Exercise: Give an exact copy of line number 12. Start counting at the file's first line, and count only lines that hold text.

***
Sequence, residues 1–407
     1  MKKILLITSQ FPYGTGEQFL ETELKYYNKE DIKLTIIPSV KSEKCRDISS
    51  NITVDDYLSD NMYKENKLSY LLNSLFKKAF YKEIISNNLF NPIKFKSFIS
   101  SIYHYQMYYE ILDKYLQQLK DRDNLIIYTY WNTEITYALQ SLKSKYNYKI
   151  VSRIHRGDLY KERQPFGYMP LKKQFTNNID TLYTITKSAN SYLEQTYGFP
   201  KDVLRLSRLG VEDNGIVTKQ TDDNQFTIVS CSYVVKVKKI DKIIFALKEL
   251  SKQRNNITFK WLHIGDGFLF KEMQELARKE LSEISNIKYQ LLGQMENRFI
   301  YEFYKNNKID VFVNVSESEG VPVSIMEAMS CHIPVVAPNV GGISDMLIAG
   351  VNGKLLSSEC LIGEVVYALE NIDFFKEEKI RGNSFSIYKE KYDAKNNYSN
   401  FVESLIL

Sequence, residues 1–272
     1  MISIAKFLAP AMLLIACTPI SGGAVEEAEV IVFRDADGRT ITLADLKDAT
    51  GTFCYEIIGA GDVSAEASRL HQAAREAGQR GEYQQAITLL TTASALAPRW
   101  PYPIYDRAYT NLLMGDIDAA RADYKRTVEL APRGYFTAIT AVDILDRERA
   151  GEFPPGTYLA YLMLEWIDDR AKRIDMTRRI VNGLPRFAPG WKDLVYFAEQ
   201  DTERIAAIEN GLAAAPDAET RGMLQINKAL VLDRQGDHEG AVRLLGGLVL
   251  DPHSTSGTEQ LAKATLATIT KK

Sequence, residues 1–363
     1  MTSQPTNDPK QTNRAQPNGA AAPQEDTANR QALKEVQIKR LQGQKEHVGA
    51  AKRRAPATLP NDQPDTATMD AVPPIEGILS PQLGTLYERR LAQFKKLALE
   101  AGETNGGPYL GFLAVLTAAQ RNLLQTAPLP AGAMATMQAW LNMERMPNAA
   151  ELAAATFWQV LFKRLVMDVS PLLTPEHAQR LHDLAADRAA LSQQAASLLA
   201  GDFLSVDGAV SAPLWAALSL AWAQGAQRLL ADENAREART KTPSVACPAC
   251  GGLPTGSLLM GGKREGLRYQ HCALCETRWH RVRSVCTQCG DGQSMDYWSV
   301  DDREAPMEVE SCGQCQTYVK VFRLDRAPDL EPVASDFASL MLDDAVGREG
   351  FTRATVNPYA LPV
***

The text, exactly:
     1  MISIAKFLAP AMLLIACTPI SGGAVEEAEV IVFRDADGRT ITLADLKDAT